Since WoW Gold and its kin double as both digital currency and virtual currency, it is easy to see why people would get confused. But the contrast with Bitcoin becomes clear: It is digital, but it is not virtual. There is no virtual world in which Bitcoin is the currency. Rather, it is a currency used in our real world to pay for real products and services. It is digital and still fledgling, to be sure – but unlike WoW Gold, which is centralized and thus a bad currency, Bitcoin is decentralized and has all it takes to become a ubiquitous currency.

When in doubt, we should remember – that which vanishes is virtual, that which remains is real.

Multi-PPS: Dissolving mining pool centralization

The Bitcoinsphere is abuzz with news of the GHash.io mining pool exceeding 50% of the Bitcoin network hashrate, which is of course in contrast with Bitcoin’s decentralized vision.

While it is indeed worrisome, I personally believe it is not something to panic about, as the underlying causes are solvable and we should not see such a phenomenon recur going forward.

The current centralization is the result of two distinct causes. One is the concentration of mining within a few large mining farms, often controlled by those who manufacture mining ASIC chips. These either take the mining risk themselves or forward it by offering mining contracts to the public. This is made possible by the economies of scale in building machines and operating them that large entities enjoy. This is indeed a problem, however, I believe this will be alleviated somewhat as SHA-256 computation becomes more of a commodity, as I claimed in ASIC will not Centralize Bitcoin Mining.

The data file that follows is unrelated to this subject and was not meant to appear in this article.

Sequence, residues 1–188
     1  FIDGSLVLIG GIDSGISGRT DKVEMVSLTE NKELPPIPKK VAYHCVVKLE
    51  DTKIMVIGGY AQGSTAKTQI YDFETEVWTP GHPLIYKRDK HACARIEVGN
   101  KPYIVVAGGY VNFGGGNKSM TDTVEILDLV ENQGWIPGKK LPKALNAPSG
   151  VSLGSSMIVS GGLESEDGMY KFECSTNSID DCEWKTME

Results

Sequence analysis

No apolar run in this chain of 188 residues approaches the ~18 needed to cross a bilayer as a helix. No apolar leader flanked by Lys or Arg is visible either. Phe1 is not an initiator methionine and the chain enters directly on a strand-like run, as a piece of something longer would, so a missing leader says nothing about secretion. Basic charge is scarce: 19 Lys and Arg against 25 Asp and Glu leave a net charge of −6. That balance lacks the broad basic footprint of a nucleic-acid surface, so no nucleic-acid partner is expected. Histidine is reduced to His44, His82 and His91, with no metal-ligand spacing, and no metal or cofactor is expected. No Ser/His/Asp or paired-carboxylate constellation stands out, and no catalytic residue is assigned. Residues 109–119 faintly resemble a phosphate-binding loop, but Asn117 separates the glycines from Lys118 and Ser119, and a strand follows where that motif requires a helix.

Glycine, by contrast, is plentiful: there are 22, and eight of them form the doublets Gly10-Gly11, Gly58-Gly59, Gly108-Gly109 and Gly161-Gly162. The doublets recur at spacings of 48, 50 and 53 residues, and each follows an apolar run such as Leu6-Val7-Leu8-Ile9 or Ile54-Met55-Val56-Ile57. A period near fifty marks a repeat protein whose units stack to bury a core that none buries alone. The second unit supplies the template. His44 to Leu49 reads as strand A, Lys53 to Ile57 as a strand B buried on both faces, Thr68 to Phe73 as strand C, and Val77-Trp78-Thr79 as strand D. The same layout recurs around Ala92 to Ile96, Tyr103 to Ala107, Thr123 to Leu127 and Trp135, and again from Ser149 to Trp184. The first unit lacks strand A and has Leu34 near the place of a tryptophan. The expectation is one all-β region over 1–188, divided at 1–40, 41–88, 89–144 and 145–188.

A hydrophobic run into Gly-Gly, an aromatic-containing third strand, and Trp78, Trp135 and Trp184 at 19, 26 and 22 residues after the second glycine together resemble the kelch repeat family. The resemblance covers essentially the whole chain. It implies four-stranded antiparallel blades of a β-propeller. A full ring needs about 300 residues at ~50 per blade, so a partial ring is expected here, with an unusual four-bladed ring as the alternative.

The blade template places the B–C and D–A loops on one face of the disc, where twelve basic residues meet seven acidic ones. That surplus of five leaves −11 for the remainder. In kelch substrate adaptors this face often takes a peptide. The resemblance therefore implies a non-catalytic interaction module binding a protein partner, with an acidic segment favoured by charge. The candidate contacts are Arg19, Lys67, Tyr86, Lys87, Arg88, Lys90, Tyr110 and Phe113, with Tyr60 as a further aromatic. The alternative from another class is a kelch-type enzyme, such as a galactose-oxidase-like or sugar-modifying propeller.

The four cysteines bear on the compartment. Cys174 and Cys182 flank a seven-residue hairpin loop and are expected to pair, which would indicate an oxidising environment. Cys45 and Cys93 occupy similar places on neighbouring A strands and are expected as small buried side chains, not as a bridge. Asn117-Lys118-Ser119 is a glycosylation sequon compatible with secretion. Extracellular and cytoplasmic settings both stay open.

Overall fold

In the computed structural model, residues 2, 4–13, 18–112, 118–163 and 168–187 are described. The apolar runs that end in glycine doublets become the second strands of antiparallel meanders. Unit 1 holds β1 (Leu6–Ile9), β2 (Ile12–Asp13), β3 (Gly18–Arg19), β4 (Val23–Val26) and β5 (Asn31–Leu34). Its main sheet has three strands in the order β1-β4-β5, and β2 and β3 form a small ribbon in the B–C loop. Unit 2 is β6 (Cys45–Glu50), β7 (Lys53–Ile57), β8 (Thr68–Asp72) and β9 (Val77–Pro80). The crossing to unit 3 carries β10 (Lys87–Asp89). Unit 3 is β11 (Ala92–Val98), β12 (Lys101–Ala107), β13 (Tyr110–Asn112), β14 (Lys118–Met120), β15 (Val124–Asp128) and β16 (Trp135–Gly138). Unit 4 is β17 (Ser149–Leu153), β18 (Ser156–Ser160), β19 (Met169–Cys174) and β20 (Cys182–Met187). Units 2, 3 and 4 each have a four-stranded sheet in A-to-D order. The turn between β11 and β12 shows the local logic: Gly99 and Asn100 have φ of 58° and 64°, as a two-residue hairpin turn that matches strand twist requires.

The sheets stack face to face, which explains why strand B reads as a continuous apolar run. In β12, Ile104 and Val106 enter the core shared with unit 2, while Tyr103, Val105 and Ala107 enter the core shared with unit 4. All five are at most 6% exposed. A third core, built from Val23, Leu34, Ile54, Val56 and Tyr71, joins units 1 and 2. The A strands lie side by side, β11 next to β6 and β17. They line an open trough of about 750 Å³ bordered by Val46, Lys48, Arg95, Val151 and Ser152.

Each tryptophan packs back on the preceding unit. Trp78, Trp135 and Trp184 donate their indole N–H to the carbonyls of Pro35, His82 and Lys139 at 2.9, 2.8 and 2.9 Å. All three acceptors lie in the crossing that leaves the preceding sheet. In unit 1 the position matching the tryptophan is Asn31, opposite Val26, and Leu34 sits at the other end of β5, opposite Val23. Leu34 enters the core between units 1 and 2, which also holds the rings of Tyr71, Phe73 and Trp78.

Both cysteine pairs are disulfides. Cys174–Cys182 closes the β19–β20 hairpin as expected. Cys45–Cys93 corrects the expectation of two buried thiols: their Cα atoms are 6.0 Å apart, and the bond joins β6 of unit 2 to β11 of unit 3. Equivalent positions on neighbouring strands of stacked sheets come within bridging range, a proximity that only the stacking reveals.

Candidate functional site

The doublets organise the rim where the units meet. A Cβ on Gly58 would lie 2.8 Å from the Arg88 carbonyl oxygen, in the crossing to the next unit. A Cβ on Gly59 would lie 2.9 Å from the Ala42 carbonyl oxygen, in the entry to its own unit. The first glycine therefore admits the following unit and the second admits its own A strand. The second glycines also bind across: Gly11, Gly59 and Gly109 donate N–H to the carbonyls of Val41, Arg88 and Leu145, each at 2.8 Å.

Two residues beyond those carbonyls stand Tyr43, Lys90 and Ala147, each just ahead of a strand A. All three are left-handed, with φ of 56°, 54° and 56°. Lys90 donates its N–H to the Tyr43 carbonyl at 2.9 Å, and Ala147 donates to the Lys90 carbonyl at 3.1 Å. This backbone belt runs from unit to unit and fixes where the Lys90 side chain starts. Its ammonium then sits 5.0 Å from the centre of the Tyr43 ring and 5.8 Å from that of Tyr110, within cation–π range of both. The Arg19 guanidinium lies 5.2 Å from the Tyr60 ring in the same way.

The second cause is that even individual miners who operate their own machine independently, use these machines in conjunction with large mining pools. The reason is, that with all classical mining pool reward methods, the larger a pool is, the better performance it can offer its miners in terms of the tradeoff between variance, fees and maturity time. A large pool will be more lucrative and hence attract more miners and become even larger, with the ultimate limit being consolidation within one pool.

Fortunately, I believe the latter cause is easily solvable. All it takes is using a reward framework that does not lead to “the rich get richer” effect. P2pool is often cited as a possible such framework, but while it has its merits, I do not believe it has what it takes to offer a sustainable solution, mostly due to the difficulty of small miners to use it.

Starting with p2pool as a basis, thinking what can be done with it and following it to its logical conclusion, I arrived at Multi-PPS, which I wrote about a year ago. Its basic premise is that miners should mine in multiple pools simultaneously, in proportion to each pool’s strength. Using this framework has two important features:

  1. The miner enjoys performance that is equivalent to that of a pool with a combined size of all pools he uses together.
  2. The stable equilibrium is not consolidation in one pool, but rather, maintaining a distribution between many pools according to the merits of each.

Of course, implementing this is nontrivial, and there are some technical performance issues to consider; however, the numbers do look promising, and the effort in implementing it is small relative to the potential gain. More details are available in the linked post.

Because this is such a hotly debated topic now and this proposed solution receives too little attention for my taste, I have decided to choose it as the topic for my technical talk in the upcoming Inside Bitcoin Tel Aviv Conference at the end of July.